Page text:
These meetings bring together Indigenous groups, CNSC staff, licensees or applicants, and other governmental representatives, when appropriate, so that many issues can be heard and addressed at once. These meetings are often held in Indigenous communities, and they allow CNSC staff to get a better perspective of the issues of interest or concern to community members and their leadership. The PFP also supports participation in Commission meetings, which are non-licensing proceedings. The Commission has recently decided to provide Indigenous intervenors the opportunity to make oral submissions, whereas other intervenors are invited to make only written submissions. That decision was made in recognition of the Indigenous oral tradition for sharing knowledge and in the spirit of reconciliation.
The PFP can also be used to support participation in our Independent Environmental Monitoring Program, or IEMP, which is another best practice. Our IEMP takes environmental samples from public areas around nuclear facilities in order to independently verify whether the public and the environment are safe. In recent years we have supported the participation of Indigenous peoples in sampling activities under the program, including the design of sampling campaigns, so that it reflects their values and interests.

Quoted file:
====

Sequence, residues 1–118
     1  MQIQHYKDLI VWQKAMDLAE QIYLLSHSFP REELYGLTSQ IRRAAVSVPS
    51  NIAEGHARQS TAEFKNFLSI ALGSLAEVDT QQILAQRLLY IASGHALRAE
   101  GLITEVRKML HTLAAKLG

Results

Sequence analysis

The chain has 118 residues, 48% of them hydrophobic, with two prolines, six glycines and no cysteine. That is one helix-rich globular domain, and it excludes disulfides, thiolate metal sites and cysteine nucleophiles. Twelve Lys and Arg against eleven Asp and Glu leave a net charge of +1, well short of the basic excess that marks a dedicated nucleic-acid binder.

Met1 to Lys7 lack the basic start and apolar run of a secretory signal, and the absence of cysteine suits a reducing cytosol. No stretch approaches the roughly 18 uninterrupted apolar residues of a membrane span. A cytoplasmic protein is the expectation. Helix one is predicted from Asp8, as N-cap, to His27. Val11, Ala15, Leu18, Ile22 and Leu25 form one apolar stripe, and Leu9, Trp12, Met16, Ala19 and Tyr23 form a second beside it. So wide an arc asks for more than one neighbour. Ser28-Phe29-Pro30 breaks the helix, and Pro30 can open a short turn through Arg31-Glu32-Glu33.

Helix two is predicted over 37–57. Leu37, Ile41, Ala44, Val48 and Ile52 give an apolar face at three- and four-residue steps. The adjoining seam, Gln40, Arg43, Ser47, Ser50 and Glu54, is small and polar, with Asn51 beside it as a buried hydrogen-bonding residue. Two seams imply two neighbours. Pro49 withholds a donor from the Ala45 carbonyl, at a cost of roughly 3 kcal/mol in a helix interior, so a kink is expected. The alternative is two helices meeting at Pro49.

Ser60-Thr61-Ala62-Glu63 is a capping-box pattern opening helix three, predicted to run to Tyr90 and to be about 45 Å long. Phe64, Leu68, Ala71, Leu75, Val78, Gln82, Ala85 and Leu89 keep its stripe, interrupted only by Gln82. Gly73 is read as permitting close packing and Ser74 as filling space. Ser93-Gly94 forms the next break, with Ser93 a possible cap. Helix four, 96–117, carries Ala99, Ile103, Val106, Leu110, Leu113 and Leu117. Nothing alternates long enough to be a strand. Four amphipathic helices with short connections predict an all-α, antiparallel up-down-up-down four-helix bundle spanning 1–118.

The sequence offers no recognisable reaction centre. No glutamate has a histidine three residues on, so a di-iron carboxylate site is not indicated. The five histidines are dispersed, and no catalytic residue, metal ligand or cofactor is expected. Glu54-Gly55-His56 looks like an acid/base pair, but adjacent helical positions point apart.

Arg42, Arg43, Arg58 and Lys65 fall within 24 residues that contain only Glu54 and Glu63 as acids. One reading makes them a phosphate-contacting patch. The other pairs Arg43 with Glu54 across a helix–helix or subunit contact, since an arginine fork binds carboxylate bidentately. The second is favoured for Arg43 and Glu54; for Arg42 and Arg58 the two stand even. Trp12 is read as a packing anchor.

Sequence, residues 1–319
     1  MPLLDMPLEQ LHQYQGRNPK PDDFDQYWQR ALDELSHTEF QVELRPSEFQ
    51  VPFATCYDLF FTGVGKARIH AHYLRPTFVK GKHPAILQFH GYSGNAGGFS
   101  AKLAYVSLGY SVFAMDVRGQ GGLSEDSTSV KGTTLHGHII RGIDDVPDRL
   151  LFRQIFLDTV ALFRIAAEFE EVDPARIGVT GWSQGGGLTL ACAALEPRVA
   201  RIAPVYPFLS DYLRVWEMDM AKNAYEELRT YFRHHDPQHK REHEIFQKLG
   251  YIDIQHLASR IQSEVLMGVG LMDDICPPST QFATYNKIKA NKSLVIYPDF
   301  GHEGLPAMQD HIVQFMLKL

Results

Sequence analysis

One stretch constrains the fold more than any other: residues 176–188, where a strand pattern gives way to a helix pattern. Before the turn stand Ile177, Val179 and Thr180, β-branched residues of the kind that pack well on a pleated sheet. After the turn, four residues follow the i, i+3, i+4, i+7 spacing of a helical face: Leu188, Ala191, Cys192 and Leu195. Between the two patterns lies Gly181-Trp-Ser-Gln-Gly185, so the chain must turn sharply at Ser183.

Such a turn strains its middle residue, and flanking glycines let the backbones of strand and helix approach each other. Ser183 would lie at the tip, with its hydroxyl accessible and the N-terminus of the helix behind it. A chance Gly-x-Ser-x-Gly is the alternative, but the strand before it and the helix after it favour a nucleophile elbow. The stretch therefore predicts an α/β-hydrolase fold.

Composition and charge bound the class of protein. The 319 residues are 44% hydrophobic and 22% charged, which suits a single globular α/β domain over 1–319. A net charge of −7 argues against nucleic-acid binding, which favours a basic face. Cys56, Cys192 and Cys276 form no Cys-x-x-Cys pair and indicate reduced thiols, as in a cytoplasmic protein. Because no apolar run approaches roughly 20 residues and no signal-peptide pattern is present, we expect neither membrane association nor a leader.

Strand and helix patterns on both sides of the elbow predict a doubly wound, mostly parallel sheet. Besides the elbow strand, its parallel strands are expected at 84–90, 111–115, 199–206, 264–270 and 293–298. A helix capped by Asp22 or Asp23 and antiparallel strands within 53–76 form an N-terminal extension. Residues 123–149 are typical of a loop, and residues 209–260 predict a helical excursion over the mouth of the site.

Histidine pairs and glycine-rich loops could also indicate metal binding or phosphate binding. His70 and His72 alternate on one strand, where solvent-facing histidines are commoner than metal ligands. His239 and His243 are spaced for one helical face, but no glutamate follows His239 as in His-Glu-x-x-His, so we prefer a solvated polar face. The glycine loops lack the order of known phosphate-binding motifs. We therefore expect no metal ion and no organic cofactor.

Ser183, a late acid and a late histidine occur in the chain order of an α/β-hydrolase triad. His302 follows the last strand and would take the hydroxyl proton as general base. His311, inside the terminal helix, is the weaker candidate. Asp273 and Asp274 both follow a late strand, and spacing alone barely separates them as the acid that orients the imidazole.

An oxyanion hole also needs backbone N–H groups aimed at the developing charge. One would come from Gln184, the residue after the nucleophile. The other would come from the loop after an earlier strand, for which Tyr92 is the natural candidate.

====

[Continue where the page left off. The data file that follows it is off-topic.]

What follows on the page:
A final best practice I would like to mention is the CNSC’s ongoing engagement throughout the life of nuclear facilities and activities, not just during the licensing phase. We are committed to building long-term, positive relationships with Indigenous communities with a direct interest in nuclear facilities, or on whose territory nuclear facilities or activities are found.
As a lifecycle regulator, we want to understand all issues of interest or concern and work to address anything that is within our authority throughout the life of a project. We are committed to that and are currently implementing a long-term Indigenous engagement strategy with 33 Indigenous groups that represent 90 Indigenous communities in 8 regions in Canada.
We welcome the opportunity to partner and work with these groups for many years to come. I believe we are on a journey in Canada as we continue to explore how best to engage Indigenous peoples in relation to major energy projects. Expectations and best practices are evolving and it is critical that we continue to stay abreast of these developments. We have learned many lessons over time and continue to learn.
We value and are committed to long lasting and positive relationships with Indigenous peoples in Canada and look forward to continuing to work together in the spirit of respect and reconciliation.
This is how we will move forward, together.
- Date modified: